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Workplace mediation


The following information is intended to collate all the relevant links to help people interested in mediating employment disputes.

ProMediate does provide mediation in employment and workplace disputes.

Employers can save wasted time and retention costs if they resolve disputes in the workplace at an early stage.

Tribunal claims increased in the quarter to September 2019:  Single Employment Tribunal (ET) receipts, disposals and caseload outstanding all increased, by 38%, 4% and 40% respectively, compared to a 2018.

The increase may have been caused by the reduction in Tribunal fees. In any event, mediation can help avoid tribunal claims which are estimated to cost at least £8500 in Legal fees alone per tribunal case.

The CBI (Confederation of British Industry) estimates that conflict in the work-place costs UK business £33 billion per year, taking up 20% of leadership time and potentially losing up to 370 million working days.


A link to our mediators can be found here:



CIPD published a paper in 2015

which said as follows:

In 2007, the Gibbons Review of the UK’s system of dispute resolution recommended workplace mediation as a way of encouraging early resolution of individual employment disputes.


As a consequence, the Acas Code of Practice was revised in 2009 to include a reference to the benefits of mediation. Additionally, in the context of rising employment tribunal volumes, the Government enthusiastically endorsed the use of mediation and perhaps most strikingly argued that ‘a significant growth in mediation of workplace disputes has the potential to lead to a major and dramatic shift in the culture of employment relations’ (BIS 2011, p13).


Since then, there is some evidence that mediation has increased, although it is far from becoming ‘embedded in the culture of conflict handling’ in most UK workplaces.


The Workplace Employment Relations Survey 2011 found that 17% of workplaces that had formal employee grievances had used mediation.

A 2015 CIPD survey of their members reported that in- house mediation was used in 24% of organisations, and external mediation in 9% (CIPD 2015, p11).


Moreover, the use of in-house and external mediation increased by 24% and 32% respectively. At the same time, almost four in ten organisations had expanded their development and use of mediation skills (CIPD 2015, p14).


Typically, the case for mediation has been driven by efficiency claims, and there is consistent evidence that it provides a relatively cheap, fast and successful way of resolving certain types of disputes, particularly when compared with grievance and disciplinary procedures and litigation. 

The key advantages and challenges were set out by CIPD in the following table:

To date, mediation has mainly been promoted on the basis of its efficiency advantages over conventional grievance and disciplinary procedures. Mediation can be organised relatively quickly and does not require input from managers, representatives or witnesses. It is also likely to result in a positive agreement, although the sustainability of settlements is more difficult to evidence. Consequently it can also reduce the costs of long-term absence, staff turnover and litigation (Latreille and Saundry 2014).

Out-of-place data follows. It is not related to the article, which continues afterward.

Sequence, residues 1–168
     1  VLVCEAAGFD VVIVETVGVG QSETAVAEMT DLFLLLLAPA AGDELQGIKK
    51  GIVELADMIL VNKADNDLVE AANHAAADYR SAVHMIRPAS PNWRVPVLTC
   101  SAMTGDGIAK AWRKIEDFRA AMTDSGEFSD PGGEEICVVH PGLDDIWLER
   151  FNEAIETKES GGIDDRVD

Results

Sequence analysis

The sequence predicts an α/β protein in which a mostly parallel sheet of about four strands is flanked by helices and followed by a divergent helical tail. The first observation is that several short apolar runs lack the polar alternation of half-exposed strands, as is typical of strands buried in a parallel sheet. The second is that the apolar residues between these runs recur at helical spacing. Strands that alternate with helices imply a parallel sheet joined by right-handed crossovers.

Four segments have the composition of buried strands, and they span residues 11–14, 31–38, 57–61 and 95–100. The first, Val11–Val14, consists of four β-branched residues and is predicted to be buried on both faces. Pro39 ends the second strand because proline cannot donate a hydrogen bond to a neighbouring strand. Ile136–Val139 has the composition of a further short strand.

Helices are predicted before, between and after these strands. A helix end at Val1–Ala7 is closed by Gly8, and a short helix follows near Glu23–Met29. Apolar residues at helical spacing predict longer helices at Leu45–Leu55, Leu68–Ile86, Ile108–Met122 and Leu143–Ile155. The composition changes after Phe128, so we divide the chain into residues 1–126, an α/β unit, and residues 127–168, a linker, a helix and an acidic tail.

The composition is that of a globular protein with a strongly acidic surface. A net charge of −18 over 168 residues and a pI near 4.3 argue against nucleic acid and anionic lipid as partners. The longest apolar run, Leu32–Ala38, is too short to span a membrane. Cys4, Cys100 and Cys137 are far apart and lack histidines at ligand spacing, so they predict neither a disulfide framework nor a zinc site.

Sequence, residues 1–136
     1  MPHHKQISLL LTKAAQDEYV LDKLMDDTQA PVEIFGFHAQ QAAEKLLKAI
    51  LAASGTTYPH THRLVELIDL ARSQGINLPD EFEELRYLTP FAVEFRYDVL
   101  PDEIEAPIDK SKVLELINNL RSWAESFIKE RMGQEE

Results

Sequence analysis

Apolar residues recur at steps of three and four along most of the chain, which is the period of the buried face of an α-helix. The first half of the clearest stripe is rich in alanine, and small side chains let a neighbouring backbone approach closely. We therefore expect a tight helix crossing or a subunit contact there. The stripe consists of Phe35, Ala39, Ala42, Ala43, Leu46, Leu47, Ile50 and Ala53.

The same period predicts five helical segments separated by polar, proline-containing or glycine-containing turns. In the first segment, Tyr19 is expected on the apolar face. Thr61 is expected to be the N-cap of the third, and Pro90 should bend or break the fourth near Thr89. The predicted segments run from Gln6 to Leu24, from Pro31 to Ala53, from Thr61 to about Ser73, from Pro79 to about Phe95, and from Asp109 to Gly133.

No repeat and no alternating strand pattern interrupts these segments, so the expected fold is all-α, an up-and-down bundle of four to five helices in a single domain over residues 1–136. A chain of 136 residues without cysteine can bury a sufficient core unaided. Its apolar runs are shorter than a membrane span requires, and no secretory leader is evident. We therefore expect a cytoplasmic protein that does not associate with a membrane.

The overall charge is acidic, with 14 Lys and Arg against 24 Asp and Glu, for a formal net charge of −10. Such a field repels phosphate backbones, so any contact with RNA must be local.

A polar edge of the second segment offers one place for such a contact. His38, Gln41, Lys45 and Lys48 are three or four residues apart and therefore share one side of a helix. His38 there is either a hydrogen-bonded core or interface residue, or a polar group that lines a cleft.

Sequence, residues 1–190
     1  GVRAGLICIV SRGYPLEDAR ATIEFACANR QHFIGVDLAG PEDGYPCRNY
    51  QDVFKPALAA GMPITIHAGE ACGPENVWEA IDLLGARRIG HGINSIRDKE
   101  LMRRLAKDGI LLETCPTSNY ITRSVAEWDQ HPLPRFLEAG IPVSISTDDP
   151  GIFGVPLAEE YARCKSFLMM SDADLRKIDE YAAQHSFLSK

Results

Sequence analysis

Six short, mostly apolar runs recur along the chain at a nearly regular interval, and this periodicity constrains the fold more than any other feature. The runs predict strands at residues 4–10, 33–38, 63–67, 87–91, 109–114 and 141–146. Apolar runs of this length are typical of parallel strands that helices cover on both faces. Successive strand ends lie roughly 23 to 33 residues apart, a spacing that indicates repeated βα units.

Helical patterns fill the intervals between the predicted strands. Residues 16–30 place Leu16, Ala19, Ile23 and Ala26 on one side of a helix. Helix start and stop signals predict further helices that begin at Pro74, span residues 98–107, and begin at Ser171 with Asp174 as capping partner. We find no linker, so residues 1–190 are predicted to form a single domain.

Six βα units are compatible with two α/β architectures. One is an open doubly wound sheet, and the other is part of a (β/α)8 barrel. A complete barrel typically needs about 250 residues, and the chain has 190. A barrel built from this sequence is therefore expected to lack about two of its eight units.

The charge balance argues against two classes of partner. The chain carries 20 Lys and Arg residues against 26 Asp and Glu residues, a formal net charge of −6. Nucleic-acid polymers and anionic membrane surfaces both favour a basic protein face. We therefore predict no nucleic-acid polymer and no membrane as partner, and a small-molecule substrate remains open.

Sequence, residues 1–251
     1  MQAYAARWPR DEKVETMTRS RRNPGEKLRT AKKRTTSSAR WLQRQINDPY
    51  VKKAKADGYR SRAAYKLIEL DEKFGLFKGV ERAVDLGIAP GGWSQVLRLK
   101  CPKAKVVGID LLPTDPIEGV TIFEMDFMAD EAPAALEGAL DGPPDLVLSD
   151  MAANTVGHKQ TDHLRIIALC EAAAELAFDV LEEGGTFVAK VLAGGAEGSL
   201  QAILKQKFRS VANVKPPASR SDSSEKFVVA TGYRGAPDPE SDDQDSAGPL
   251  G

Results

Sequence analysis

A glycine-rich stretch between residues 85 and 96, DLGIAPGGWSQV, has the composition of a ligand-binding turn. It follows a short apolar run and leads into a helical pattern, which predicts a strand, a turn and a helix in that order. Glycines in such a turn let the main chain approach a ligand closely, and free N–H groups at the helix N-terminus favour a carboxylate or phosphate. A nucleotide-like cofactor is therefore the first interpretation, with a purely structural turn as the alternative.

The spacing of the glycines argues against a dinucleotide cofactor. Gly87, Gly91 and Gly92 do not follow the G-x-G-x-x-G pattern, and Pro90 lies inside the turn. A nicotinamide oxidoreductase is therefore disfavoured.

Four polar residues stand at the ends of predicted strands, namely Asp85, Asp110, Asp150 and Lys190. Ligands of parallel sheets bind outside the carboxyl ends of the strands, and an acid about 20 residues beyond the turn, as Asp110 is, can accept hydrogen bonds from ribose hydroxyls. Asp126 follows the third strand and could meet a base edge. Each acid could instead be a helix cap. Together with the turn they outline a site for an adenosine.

There is also substantial evidence of the positive impacts on the conflict resolution skills of those who are trained as mediators and those who take part in mediation, particularly managers (Latreille and Saundry 2014).


The CIPD report concludes:


The case studies discussed above suggest that the development of in-house mediation schemes can shape organisational approaches to conflict management; however, this is more likely where it is part of strategic intervention that recognises the importance of early and proactive conflict resolution. In addition, the impact of mediation will be greater when key staff from across the organisation are actively involved. Recruiting influential managers, HR and employee representatives to co-ordinate and carry out mediations can enhance understanding and provide an environment in which high-trust relationships between the parties can be developed, encouraging more informal resolution generally. It is important to note that in all three organisations, mediation provided a quicker, cheaper and, for some issues, a more effective response to individual disputes than conventional process and procedure. However, if mediation is simply seen as ‘another HR tool’, its potential to contribute to improved employment relations is unlikely to be unlocked.



Acas say that:

“Mediation is a completely voluntary and confidential form of resolving workplace disputes between people.

It involves an independent, impartial person helping two or more individuals or groups reach a solution to a workplace dispute that’s acceptable to everyone.

Mediators do not make judgments or determine outcomes – they ask questions that help to uncover underlying problems, assist the parties to understand the issues and help them to clarify the options for resolving their difference or dispute.

The overriding aim of workplace mediation is to restore and maintain the employment relationship wherever possible. This means the focus is on working together to go forward, not determining who was right or wrong in the past.

Many kinds of dispute can be mediated if those involved want to find a way forward. It can be used at any stage in a dispute but is most effective before positions become entrenched. Employers might want to think about writing a mediation stage into their individual grievance procedure.”

We would like to thank CIPD and ACAS for the material published above

The government page on workplace mediation can be found here:


We also very much recommend using the following providers:

London School of Mediation 
Lakeland Mediation Solutions